(pictured: the Rev. Janet Grill of St. Andrew Lutheran Church in Shadyside started using Eco-Palms in an effort to get churches to use sustainable fronds for Palm Sunday.
Lutheran World Relief was the first church agency on board. In a pilot project in Minnesota, 5,000 Eco-Palms were sold. The next year they sold 70,000 nationwide. Since then, the Presbyterian Church (USA), United Methodist Committee on Relief and Catholic Relief Services have joined.
Nearly 780,000 Eco-Palms were sold this year, and Pennsylvania is the second largest state. Prices start at $6 for 18-20 plus $10 shipping, and progress to $138 for 540-600 plus $22 shipping.
Kattie Somerfeld, fair trade project coordinator at Lutheran World Relief, said that the only complaints she hears are from those who prefer palm strips.
"Most of the feedback is that they are beautiful, and that it’s nice to celebrate another dimension of justice when we celebrate Palm Sunday," she said.
Eco-Palm harvesters are paid by the quality, not the quantity, so they harvest fewer and cut carefully. Waste has been reduced from as high as 50 percent to little more than 5 percent.
Workers are paid at least five times what the middlemen paid them, and middlemen have been eliminated. Eco-Palm cooperatives have their own warehouses, and sell directly to the United States. Online sales and delivery is handled by a Minnesota florist, who sends a 5-cent rebate from each frond back to the harvesting communities.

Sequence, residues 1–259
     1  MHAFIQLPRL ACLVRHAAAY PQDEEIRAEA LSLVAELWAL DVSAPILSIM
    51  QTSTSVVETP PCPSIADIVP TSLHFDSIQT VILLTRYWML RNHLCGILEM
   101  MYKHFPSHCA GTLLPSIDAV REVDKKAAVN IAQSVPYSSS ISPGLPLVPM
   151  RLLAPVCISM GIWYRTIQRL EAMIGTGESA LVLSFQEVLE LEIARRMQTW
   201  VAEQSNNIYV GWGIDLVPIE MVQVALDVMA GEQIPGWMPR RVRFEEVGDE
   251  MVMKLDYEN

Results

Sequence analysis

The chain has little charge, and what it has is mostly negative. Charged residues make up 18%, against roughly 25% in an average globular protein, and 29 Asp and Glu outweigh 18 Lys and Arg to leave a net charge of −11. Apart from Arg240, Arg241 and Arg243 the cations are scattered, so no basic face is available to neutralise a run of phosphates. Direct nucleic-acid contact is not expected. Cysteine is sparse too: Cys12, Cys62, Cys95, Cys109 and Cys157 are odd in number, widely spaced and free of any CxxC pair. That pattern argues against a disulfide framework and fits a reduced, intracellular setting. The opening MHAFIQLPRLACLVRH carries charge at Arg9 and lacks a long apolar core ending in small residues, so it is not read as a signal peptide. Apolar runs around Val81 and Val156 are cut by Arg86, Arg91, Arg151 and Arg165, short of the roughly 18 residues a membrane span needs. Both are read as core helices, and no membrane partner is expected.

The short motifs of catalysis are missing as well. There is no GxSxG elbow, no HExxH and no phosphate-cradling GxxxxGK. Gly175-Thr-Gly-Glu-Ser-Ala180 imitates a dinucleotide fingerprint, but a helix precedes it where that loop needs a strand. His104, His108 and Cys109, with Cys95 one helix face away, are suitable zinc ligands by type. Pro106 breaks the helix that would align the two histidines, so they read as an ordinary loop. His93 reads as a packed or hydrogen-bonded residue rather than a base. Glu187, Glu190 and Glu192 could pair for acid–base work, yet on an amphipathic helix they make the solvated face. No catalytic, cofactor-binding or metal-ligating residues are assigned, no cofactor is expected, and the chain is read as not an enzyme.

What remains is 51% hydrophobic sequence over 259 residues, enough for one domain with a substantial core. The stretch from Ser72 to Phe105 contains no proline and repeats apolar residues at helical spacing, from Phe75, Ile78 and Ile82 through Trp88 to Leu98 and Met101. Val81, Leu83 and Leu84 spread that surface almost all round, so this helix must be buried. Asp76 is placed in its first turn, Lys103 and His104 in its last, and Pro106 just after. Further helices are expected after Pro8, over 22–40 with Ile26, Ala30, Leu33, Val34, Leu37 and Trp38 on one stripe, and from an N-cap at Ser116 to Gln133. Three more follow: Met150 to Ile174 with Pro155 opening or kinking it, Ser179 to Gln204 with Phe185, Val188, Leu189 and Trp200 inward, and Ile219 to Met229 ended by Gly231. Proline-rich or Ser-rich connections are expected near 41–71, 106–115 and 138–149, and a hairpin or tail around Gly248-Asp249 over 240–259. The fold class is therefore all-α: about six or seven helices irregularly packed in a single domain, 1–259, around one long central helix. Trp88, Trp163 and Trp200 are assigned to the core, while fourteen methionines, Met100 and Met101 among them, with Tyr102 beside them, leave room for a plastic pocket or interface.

Melanie Hardison, a program associate in the Presbyterian Hunger Program at Presbyterian Church (USA) headquarters in Louisville, Ky., has visited Eco-Palm cooperatives.
"The people were very proud to show us the improvements in their communities. They’ve been able to improve their schools and, in one community, they’ve made improvements to the church. They are able to do a lot of things around education and health because of the extra income they receive from Eco-Palms," she said.
Each community decides how to use its share of the rebate. One Guatemalan community created scholarships for girls, who were formerly denied schooling because their parents couldn’t afford to pay. Another built a community kitchen. In Mexico, a cooperative put the money back into the business, making major improvements to the warehouse.
The project is contributing to the protection of forests, which villagers no longer want to remove in order to plant food crops. They take fire prevention very seriously, Mr. Current said.
The Rainforest Alliance in Guatemala has certified the Eco-Palm cooperatives there for sustainable management, he said. The cooperatives in Mexico are similarly managed but have not yet been able to afford sustainability audits.